Australia's sailors are again punching above their weight at the Rio Olympics, with seven of the 11 sailors winning medals.
If Australia's Olympic team was as successful as its sailors, they'd have 268 medals.
Seven of 11 Australian sailors will leave Rio with medals in their kitbag - a strike rate of about 64 per cent.
Extrapolate that to the entire 422-strong Australian team and it's 268 medals.
Sure, it's a fanciful stretch.
But the sailors are on to something.
"We only had 11 athletes here and seven of us medalled," sailor Mat Belcher said after collecting a silver medal with partner Will Ryan in the 49er class on Thursday.
"We had 13 athletes (sailors) in London. And eight of us medalled."
Australian sailors claimed one gold and three silvers in Rio's polluted waters.
In London four years ago, Australian sailors won three gold and one silver.
But Belcher isn't about to crow about sailing being the number one Australian sport at the Olympics.
"I don't know where we are with the sports," he said.
"But it makes me proud, really proud, to be part of this team."
So what's the sailing secret?
(AAP Image/Lukas Coch)
First reason: rigorous selection.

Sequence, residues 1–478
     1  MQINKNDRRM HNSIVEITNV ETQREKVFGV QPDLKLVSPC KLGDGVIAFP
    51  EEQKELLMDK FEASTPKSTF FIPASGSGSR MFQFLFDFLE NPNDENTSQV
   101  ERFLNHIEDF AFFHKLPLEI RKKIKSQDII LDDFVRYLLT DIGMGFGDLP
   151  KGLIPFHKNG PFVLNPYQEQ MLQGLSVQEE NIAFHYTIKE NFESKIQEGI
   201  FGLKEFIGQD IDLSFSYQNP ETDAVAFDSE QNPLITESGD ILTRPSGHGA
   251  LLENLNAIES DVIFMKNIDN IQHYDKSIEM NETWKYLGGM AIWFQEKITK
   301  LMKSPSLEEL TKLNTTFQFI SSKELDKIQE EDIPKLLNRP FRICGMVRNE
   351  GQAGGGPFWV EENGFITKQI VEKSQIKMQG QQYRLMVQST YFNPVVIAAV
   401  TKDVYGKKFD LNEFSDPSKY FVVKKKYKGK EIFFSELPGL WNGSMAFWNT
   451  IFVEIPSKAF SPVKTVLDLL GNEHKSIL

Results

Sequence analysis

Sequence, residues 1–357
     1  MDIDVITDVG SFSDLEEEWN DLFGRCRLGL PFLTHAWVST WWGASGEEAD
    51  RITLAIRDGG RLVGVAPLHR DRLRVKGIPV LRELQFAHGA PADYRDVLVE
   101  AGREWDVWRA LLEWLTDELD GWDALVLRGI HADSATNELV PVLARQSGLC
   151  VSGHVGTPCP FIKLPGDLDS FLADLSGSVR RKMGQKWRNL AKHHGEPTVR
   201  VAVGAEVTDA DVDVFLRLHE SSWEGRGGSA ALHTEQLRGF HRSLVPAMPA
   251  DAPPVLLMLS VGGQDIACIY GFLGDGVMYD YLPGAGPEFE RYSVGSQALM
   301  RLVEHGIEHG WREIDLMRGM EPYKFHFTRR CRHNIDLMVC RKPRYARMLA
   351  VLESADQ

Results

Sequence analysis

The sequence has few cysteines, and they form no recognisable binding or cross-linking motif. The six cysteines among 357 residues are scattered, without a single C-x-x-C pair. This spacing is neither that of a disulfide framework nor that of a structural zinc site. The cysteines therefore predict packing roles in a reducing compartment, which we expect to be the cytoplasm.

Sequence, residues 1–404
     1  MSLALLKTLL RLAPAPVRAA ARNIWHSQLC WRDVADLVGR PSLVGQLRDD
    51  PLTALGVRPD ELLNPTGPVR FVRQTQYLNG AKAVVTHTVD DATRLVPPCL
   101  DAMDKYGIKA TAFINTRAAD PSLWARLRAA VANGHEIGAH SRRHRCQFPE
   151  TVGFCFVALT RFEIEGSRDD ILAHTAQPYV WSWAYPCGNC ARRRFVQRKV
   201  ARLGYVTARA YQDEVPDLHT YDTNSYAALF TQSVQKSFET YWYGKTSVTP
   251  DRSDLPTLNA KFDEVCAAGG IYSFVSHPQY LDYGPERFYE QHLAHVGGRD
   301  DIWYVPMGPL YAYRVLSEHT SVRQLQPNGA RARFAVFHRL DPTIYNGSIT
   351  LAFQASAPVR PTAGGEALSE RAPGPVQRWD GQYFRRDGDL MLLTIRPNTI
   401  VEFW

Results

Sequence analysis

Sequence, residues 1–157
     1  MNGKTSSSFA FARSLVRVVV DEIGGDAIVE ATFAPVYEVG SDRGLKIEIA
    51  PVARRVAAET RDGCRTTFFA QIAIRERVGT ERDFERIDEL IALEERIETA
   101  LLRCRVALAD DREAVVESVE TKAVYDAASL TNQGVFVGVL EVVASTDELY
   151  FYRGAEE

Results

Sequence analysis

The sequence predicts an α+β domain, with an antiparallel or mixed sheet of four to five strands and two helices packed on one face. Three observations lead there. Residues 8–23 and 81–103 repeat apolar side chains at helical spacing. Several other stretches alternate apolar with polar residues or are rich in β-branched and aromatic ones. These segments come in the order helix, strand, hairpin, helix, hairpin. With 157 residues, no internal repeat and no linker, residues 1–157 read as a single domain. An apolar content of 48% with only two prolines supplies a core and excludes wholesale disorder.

If hierarchy don't think you can medal, or at the very least finish in the top 10, you're not selected - regardless of whether you reach qualifying standards.
Second reason: family. Not blood family, but sailing family.
Belcher is about to leave his second family - the sailing - for his real family.
The 33-year-old hadn't seen his children for three and a half weeks - one fell ill in Rio and he didn't want to risk himself getting sick and jeopardise his Olympics.
"I haven't seen my kids in three and a half weeks. And the last time it was in Australia was eight and a half months (ago)," Belcher said.
So Belcher sought solace with his other family, the sailors.
"It's an amazing family," he said of the sailing team.
"We have such a great family atmosphere and we really push each other a lot.
"We're about performance. And the fact that we all work so well together and really support each other when we needed it, we have seen that in multiple Olympics now."
(AAP Image/Lukas Coch)
Third reason: attention to detail.
Sailing bosses first came to Rio before the London Games to suss out the course and conditions.
"It's our 10th time to Rio," Belcher said.
"We have really invested a lot of time to get an understanding of these conditions."
Belcher is yet to decide if he'll compete at the 2020 Tokyo Olympics.
But Australian sailing hierarchy have already been there in April on the first of many reconnaissance missions.
© AAP 2016